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Nuclear Magnetic Radiation

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Introduction

Nuclear Magnetic Resonance Introduction Nuclear Magnetic Resonance, or NMR, is a technique used for the spectroscopic analysis of matter. A Swiss physicist named Felix Bloch developed NMR in the 1950s. NMR works by placing the substance in a strong magnetic field that affects the spin of the nuclei. Only a handful of common elements posses the property known as spin, which is essential for NMR to work. A radio wave passing through the substance repositions the nuclei. Once the wave is turned off, the nuclei release energy that contains information about the substance. This information can be translated into an image by using computer techniques. During the 1980s, NMR was seen as a useful tool for obtaining more precise images of the human body. NMR is accurate and provides doctors with a better idea of what is happening inside someone's body. The images produced are clear and concise, cutting down on the amount of radiation the patient needs to be subjected to. These images are far more accurate than those produced using ultrasonic or CAT scans. NMR is unsurpassed when taking scans of the head and neck. The clarity of images produced has resulted in an increased use of NMR techniques. As a result, NMR is now more commonly referred to as MRI (Magnetic Resonance Imaging), in order to avoid the negative connotations of the word 'Nuclear'. ...read more.

Middle

The frequency f depends on the gyromagnetic ratio, of the particle. So f = B For hydrogen, = 42.58 MHz / T. Energy Levels To understand how particles with spin behave in a magnetic field, consider a proton. The proton has a property called spin. The spin can be looked at as being a magnetic moment vector, which causes the proton to behave like a magnet with a north and south pole. When this proton is placed into a magnetic field, the spin vector aligns itself with the field. A magnet would do the same. There are low and high-energy states. The low energy configuration is where the poles are aligned at N-S-N-S. The high-energy configuration is when the poles are aligned N-N-S-S. This particle can go through a transition between the two energy levels by the absorption of a photon. A particle in the low energy configuration would have to absorb a photon to end up in the high-energy state. However, the energy of this photon must exactly match the difference between the two energy levels. The energy of a photon is related by its frequency by Planck's constant (h = 6.6 x 10-34 J s) E = h f We have seen that f = B and E = h f, therefore, if we equate the two formulae, we get a single formula that gives us the energy of the photon needed to cause a transition between energy levels. ...read more.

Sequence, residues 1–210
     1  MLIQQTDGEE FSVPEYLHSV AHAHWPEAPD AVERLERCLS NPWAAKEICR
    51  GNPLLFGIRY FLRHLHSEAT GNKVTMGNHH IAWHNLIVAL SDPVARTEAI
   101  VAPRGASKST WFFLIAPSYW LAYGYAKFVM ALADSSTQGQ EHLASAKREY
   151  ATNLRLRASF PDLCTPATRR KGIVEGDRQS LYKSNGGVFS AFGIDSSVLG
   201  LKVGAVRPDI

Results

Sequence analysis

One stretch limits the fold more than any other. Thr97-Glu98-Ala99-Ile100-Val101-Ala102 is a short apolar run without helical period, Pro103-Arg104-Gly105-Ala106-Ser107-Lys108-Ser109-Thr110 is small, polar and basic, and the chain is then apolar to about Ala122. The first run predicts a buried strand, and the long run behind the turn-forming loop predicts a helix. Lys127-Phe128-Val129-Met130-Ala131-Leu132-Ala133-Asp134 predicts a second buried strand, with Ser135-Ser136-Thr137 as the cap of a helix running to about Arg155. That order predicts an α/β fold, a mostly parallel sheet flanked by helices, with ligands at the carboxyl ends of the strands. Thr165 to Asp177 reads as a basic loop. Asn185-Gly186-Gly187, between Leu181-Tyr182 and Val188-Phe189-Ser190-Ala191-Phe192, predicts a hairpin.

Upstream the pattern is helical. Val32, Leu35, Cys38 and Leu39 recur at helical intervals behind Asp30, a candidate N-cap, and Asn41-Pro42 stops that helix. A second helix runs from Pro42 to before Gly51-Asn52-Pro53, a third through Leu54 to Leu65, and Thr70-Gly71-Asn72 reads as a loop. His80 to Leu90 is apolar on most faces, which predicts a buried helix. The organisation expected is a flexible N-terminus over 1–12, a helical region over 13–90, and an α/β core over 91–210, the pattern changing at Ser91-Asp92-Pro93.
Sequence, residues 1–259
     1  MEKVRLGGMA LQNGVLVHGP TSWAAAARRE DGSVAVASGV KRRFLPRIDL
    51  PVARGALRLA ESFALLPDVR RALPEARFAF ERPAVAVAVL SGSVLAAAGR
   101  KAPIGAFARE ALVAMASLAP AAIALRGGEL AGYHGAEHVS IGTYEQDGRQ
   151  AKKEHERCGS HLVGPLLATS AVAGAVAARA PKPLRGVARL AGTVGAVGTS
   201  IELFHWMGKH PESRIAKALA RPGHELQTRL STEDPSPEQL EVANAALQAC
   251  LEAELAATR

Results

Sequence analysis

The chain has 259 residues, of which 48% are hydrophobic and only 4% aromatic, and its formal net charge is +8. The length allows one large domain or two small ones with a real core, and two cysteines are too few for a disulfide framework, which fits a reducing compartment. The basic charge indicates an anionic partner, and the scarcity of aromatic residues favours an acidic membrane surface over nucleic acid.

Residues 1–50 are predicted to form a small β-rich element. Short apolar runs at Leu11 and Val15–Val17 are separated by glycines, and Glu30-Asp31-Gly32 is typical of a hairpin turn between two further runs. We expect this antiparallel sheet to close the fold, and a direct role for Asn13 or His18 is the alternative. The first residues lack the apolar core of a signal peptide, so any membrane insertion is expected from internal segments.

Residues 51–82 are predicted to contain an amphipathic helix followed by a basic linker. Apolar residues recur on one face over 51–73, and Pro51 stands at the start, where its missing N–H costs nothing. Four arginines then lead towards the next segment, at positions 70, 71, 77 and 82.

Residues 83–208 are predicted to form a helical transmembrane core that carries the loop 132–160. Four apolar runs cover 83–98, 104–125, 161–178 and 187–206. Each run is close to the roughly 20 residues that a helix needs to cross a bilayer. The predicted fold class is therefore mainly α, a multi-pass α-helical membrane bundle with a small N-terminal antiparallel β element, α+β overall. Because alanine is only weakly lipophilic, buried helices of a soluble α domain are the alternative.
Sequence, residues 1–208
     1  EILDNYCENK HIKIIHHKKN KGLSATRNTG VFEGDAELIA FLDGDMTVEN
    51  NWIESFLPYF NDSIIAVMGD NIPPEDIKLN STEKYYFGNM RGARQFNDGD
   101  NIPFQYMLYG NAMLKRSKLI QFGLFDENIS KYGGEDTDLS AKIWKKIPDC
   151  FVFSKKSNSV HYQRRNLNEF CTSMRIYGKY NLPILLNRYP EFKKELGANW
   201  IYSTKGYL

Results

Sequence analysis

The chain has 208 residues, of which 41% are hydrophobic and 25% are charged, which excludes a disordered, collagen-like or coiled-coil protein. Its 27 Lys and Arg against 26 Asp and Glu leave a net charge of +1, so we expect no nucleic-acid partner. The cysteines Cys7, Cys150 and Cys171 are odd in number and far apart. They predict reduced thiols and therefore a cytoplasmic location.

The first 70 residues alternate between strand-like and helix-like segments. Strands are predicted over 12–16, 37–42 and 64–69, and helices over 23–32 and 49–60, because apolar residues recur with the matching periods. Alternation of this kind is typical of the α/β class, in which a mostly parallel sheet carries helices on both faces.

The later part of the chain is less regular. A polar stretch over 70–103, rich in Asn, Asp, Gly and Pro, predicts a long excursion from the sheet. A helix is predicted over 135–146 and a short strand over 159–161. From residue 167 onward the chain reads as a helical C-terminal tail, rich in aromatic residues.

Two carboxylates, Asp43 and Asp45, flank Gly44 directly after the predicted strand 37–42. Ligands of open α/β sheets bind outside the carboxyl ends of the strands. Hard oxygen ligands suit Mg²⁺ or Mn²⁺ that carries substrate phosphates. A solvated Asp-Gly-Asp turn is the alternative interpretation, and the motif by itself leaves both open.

Conclusion

Advancements in superconducting magnet design and RF sample coil efficiency have helped to make carbon-13 spectroscopy routine on most NMR experiments. Evaluation The research was extremely enlightening. The usefulness of NMR has been highlighted to me, and I have applied my knowledge of physics to the various processes. The AS-Physics textbook gave a general overview of what NMR was, and how it worked on an atomic level. Although these descriptions were sufficient, they failed to emphasize key areas and formulae. The Longmans A-Level Physics textbook gave an insight into spin physics. The textbook gave a simple model for the spin of atoms, as well as providing a small mention of quantum theory, and how the existence of spin was discovered. Microsoft Encarta 1997 showed similar levels of detail on NMR and spin physics. The CD also gave a detailed breakdown of what spin physics entails and how it applies to NMR. The CD concentrated more on analogies and visualisations to help the understanding of the concepts, while the textbook preferred to underline the relevant physics. The images are provided by the CD. Perhaps the most helpful of the sources was a website written by Professor Joseph P. Hornak. His website outlined the specific hardware requirements and how the physics is applied to them. His descriptions of spin physics were also very visual. Although much of the material was beyond my understanding, reading the other textbooks and looking up key terms, allowed me to grasp the basic ideas being described. ...read more.

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